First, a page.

On our last day in Vienna we took an excellent tour of the Opera House. This elegant building was built in 1869, and re-opened in 1955 following restoration after devastation caused during World War II. It is one of the most prestigious opera houses in the world. The back stage area of the opera house is HUGE, with all the most up-to-date equipment. I really love seeing behind the scenes areas of buildings and this was interesting. Every year there is an Opera Ball, and the opera house is transformed, including the back stage area. In a promotional photo of the event you can see how the space looks. All the seats on the main floor are removed for the evening. What a production! People come from around the world to attend this ball, deemed the epitome of ball culture. Ticket prices start at 230 Euros, and I think these ticket holders are only allowed to watch. Tickets for the 186 couples who dance are much, much more expensive, and sell out years in advance.During our tour the stage was set for a performance and people seemed to be working on prop placement. There was a room with some lovely stone inlay mosaic pieces and gorgeous woven tapestries. So much to see! There were many tours running concurrently in various languages but our guide was able to give a lot of information and answer questions. Tours only run on specific days, so you need to check the schedule when you visit. I would recommend this tour as part of your Vienna visit. As a side note: A recent episode of the t.v. series “Covert Affairs” was filmed in Vienna, with scenes in the Opera House!
This enormous magnificent art history museum is too wonderful for words. So take a look a few of my favorite views. I did look at the artwork – honestly – and there were some amazing items on display. But with a space like this, I didn’t really need anything special. It was. After several hours I was unable to take in another thing. Across the park space in front of the museum sits another identical looking building – the Museum of Natural History. Next time I’m in Vienna, that’s where I’m going. Want to come along?
Here’s a smattering of some of the extraordinary museums I saw in Vienna. All of these deserved more time and there are lots more museums to visit. They will have to wait for another visit to Austria.
The Vienna Secession building was small but absolutely beautiful. Unfortunately the limited exhibit space was closed because they were setting up an exhibition. I missed seeing the Beethoven Frieze by Gustav Klimt. Most disappointing, but this can happen when you have limited time to visit a city. I love the large mosaic planter bowls next to the stairs. Next up was the Leopold Museum – in the museums quartier. There were too many galleries to see, but we enjoyed work by Egon Schiele, Gustav Klimt (what self-respecting Austrian museum doesn’t have a Klimt?), Andy Warhol and many others. The exterior was somewhat industrial looking, but the interior was elegant and modern. Here’s a taste of the museum:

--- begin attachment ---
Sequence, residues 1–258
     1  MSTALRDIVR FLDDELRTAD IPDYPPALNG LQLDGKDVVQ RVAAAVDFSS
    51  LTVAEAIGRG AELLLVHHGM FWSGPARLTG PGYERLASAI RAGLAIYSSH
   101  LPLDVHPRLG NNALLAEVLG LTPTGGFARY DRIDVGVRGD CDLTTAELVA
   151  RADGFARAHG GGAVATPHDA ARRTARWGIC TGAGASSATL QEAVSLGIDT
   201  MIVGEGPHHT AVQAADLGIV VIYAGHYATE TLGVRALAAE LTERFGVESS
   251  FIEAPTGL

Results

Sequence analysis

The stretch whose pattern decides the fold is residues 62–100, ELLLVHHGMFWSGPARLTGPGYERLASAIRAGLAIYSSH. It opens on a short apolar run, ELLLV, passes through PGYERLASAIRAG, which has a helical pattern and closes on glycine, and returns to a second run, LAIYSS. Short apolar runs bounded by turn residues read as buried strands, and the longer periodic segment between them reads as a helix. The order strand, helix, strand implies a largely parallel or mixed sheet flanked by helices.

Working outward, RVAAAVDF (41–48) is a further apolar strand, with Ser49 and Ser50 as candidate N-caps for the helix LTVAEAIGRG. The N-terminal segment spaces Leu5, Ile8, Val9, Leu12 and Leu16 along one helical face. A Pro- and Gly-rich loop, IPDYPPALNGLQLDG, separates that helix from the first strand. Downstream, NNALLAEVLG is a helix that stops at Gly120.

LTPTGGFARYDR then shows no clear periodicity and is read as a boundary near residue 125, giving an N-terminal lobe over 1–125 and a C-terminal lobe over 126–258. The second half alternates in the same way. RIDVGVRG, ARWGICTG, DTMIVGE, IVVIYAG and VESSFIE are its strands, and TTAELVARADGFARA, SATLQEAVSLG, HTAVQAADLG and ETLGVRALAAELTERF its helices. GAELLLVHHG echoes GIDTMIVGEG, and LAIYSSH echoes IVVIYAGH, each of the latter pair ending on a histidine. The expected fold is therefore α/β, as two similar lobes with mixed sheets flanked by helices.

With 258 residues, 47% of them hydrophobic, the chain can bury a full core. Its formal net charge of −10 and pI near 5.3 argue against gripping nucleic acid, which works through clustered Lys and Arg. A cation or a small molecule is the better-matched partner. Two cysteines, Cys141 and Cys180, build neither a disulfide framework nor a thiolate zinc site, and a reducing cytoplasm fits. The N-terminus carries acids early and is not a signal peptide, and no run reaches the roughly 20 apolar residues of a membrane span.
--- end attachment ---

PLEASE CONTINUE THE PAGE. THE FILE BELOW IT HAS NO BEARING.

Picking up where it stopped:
One of my favorite exhibits was Andy Warhol’s Silver Clouds. The dark-colored room had 4 huge fans mounted near the ceiling, and large silver mylar pillows bounced and floated around the room. I sat and enjoyed the kinetic energy for some time. Australian artist Dietrich Wegner created this mushroom cloud-like tree house. It was quite amazing and slighty unsettling. On the wall behind is part of a series of 1,000 landscape cloud photos taken around the world by Olivier Masmonteil. I was attracted to the mosaic-like quality.
Almost next door to the Leopold is MUMOK, the Museum of Modern Art. This museum wasn’t on our list for the day, but we were right next door and the building looked intriguing. I was not disappointed with the building or the art.
That is all for this post. My last museum is so big and so fantastic that I need another post. I’m actually exhausted from going through photos and reliving the museum visits. At least this time my feet aren’t sore!
PS See more of Paul Klee’s work at this site.
Vienna – a city of culture with museums galore. Fabulous museums. Too many to see in just a week. But I think we did a good job with the days we spent, and I have the photos to prove it. The first museum we visited was the Belvedere. The Belvedere Museum is located in the Belvedere Palaces which – renowned Baroque landmarks, with exhibitions in the orangery and stables as well. I enjoyed seeing work by Gustav Klimt, including his famous painting “The Kiss”. This photo from Wikipedia, since you really couldn’t take photos in the galleries.
The art was amazing, and the buildings were breath-taking. My favorite exhibit was a temporary one which featured the work of Friedensreich Hundertwasser, an artist I have admired for many years. The palace grounds were beautiful and they enhanced the excellent museum experience. Unfortunately there was a “no photos” policy inside, so my photos were VERY limited.
The next day we set out to see more museums – an easy task in Vienna. First up was the Albertina, partially situated in a Hapsburg Residential Palace. As usual in Europe, the building is stunning. The artwork is incredible. The Albertina houses the largest and most valuable graphical collections in the world, as well as significant collections of Impressionist and early 20th century art . You can read all about it online, I can show you a few photos but you really should see it for yourself if possible. There was an exceptional show of large prints by Gunter Damisch. I took a few photos before I realized there were no photos allowed in this particular exhibit. I hope it’s alright to share a peak. Each print was about 4′ x 6′. Very impressive. I purchased a book on Gunter’s work, with photos of the actual printing process. Since I prefer working in something smaller, like 4″ x 6″, it is interesting to see how very large prints are done. Here are a few other gems from the museum – two by Claude Monet and two by Paul Signac.